The most important innovation in the M7 is its new memory protection features. The computer will notify the developer when an application is tampering with another application. This "always on" memory protection is hard-wired in the silicon to defend against memory violations, speeding up software development and resulting in more secure and available applications. 

"It means applications can only access the memory they're supposed to access. Otherwise, the hardware will stop them" Ellison said. "Even smart programmers make mistakes and those mistakes can be really hard to find. Those are some of the hardest bugs to find. The failures are intermittent; they're extremely hard to trap. They're extremely hard to trace. With memory protection, you can discover those bugs really early, so it saves you a fortune in finding really difficult bugs. But the cool thing about it is because it's in hardware, you can leave this memory protection on without paying any performance price."  

The upcoming SPARC M7 will be available across the Oracle server product line in 2015. Tell us, which M7 features or applications do you look forward to?  

To learn more about SPARC technology, click here.


Rick O'Herron is the director of content strategy in Oracle's brand communications team.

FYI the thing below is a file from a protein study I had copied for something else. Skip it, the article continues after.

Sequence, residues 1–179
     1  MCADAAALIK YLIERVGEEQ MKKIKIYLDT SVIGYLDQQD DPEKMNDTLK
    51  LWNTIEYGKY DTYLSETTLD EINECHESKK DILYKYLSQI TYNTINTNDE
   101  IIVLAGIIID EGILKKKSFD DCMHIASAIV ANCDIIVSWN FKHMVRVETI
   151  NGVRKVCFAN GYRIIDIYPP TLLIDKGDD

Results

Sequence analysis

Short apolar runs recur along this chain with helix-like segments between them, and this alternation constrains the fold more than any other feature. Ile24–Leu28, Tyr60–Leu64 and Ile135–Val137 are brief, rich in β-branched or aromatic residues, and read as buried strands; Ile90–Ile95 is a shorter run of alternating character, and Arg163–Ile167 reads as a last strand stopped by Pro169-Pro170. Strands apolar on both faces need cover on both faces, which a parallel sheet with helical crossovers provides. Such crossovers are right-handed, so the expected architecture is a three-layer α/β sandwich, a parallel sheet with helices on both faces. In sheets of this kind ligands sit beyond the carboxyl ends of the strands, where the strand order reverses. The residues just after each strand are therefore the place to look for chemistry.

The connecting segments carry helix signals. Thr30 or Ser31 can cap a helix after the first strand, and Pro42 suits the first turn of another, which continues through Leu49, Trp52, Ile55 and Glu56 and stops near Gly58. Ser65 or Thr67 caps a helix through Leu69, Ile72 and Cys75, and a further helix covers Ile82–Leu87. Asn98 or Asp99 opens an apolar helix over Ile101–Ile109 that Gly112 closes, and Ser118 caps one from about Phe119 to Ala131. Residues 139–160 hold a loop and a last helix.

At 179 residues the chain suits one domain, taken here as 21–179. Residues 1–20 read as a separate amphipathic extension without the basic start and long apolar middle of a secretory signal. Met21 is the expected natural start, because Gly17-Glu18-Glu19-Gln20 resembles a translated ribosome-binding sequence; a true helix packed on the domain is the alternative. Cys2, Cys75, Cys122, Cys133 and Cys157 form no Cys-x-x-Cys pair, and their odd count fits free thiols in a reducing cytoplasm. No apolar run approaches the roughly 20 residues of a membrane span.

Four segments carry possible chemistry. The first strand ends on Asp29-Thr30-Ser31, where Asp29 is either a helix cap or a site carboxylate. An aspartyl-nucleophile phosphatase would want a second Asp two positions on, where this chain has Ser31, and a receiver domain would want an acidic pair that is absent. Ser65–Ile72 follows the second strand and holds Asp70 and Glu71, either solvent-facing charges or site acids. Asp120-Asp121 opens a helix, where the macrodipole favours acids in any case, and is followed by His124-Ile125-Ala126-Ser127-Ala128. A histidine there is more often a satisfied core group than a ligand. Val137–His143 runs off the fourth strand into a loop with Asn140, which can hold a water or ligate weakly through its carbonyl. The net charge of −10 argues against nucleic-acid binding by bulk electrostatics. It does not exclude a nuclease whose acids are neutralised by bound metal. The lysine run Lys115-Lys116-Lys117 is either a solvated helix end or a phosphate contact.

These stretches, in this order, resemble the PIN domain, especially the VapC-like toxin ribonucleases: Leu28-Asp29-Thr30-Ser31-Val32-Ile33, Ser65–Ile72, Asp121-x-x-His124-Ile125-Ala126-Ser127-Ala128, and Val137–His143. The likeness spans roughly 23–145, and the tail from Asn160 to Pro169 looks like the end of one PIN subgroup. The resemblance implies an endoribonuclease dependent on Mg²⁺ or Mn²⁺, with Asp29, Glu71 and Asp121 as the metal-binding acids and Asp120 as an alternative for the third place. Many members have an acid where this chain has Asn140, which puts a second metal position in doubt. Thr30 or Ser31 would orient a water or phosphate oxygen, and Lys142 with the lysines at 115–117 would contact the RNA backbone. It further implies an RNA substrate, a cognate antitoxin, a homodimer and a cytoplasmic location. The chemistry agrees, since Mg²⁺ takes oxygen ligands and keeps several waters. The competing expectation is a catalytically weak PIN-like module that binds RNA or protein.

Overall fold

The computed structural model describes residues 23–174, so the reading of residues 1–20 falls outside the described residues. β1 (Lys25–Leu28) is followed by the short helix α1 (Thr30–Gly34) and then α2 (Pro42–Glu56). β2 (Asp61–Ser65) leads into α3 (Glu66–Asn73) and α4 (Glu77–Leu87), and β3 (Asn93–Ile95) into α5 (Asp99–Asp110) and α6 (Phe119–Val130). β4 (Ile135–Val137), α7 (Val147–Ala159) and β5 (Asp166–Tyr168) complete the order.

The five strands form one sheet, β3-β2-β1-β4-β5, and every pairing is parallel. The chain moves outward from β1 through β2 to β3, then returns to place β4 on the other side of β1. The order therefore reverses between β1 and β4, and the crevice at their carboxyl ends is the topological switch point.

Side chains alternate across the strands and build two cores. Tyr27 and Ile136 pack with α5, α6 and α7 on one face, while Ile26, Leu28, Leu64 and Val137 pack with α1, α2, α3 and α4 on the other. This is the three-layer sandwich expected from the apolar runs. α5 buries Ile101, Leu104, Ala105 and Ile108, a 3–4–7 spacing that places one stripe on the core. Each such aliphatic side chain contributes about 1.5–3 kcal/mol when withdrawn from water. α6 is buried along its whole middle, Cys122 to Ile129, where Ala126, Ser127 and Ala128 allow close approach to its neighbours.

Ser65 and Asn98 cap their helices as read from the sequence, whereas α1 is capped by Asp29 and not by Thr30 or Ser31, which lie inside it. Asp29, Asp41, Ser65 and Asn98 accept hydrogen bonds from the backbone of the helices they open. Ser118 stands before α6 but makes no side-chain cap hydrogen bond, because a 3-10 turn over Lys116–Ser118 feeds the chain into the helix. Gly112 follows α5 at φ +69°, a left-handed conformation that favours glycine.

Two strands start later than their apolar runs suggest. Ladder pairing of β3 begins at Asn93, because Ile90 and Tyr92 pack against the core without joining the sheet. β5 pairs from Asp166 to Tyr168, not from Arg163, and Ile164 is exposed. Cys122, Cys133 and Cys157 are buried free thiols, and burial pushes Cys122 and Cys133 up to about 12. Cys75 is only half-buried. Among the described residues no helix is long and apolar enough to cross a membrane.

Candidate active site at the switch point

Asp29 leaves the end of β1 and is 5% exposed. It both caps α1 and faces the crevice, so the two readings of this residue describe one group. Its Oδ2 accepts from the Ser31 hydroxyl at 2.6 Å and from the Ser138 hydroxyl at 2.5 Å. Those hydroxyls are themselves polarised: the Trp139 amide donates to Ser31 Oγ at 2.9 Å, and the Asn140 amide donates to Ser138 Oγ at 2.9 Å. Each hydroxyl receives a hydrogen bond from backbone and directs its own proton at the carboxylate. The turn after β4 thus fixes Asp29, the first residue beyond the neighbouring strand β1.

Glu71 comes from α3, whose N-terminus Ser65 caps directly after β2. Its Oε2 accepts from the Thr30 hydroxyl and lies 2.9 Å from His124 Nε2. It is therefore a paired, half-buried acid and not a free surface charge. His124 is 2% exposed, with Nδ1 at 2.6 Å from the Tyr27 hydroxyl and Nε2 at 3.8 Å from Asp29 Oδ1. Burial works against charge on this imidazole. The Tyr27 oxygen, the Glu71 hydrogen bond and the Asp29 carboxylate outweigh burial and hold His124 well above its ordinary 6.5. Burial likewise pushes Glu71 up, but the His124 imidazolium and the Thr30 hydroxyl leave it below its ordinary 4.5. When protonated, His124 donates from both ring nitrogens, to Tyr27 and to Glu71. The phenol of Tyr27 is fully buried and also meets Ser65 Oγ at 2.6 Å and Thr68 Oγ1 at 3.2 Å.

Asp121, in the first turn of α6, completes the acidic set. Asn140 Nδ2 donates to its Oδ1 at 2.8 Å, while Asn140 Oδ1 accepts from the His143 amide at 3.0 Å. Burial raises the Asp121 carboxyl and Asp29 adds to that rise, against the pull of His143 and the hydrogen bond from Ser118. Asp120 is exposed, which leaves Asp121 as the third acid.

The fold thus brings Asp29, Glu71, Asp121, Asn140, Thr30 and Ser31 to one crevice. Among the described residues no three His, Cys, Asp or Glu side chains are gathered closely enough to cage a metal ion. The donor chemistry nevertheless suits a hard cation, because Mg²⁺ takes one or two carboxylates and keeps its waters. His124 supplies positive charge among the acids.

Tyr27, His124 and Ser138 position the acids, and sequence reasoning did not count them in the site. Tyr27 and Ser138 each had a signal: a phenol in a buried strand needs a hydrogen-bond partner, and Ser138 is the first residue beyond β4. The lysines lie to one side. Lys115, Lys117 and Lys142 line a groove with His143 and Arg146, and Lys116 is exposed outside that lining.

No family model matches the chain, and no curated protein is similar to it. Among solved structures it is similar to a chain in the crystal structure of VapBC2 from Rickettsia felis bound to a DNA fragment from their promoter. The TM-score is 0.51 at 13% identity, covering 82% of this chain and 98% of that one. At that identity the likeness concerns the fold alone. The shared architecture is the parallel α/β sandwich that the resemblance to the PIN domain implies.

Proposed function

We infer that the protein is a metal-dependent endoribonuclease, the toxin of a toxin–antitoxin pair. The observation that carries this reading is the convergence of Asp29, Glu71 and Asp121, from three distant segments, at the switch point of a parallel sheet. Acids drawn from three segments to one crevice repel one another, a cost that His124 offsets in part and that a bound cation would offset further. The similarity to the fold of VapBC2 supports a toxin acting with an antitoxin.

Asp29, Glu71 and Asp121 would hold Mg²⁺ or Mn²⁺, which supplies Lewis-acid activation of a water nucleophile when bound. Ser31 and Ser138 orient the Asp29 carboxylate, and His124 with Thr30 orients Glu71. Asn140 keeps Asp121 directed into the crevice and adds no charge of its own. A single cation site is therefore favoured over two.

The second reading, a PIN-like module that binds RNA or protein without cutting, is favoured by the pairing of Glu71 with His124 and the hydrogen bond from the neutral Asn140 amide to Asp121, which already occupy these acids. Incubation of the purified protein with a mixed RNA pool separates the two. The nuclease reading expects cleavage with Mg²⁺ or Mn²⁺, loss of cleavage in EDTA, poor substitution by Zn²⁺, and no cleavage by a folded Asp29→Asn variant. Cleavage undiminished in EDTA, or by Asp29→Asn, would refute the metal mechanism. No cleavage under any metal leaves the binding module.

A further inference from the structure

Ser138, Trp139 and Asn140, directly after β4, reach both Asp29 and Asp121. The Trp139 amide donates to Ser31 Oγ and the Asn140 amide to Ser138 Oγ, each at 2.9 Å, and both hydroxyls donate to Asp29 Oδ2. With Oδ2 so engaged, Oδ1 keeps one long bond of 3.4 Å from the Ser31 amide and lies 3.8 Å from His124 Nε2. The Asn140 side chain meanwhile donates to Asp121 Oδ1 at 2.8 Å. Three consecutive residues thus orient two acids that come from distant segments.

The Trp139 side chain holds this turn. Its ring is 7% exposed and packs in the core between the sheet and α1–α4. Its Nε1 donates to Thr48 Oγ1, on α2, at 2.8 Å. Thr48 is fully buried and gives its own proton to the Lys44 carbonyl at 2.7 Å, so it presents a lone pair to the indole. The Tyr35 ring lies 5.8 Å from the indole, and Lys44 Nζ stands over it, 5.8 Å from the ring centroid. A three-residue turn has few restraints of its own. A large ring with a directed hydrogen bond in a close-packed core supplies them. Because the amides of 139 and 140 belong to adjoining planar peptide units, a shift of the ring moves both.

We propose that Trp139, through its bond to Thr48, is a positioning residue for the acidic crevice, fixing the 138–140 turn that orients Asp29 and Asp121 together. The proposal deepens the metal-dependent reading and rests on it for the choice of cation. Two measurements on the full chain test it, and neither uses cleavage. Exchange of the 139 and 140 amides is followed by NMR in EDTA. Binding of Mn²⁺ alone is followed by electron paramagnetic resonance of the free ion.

Sunday Sep 07, 2014

Oracle’s Software in Silicon


Earlier this month at the Hot Chips Symposium on High Performance Chips, Oracle announced its next generation M7 processor designed to supercharge in-memory computing. The 32-core M7, ‘the biggest and baddest SPARC processor that either Sun Microsystems or Oracle has ever created’, as referred to by Timothy Prickett Morgan of Enterprise Tech, will offer huge performance advantages and includes Software in Silicon features for Application Acceleration Support on each core.

Learn more about Oracle’s Software in Silicon strategy at Oracle OpenWorld 2014 in San Francisco (September 28-October 2) when Rick Hetherington, VP Hardware Development, discusses the latest advancements being made in SPARC to dramatically increase application performance, availability, and security. Rick’s session, ‘Oracle Software in Silicon Technical Deep Dive’ reveals the details on the next generation chip as told by one of Oracle’s most seasoned and respected processor architects. This is a ‘must see’ session for those companies interested in being the first to master and fully take advantage of these next generation technologies.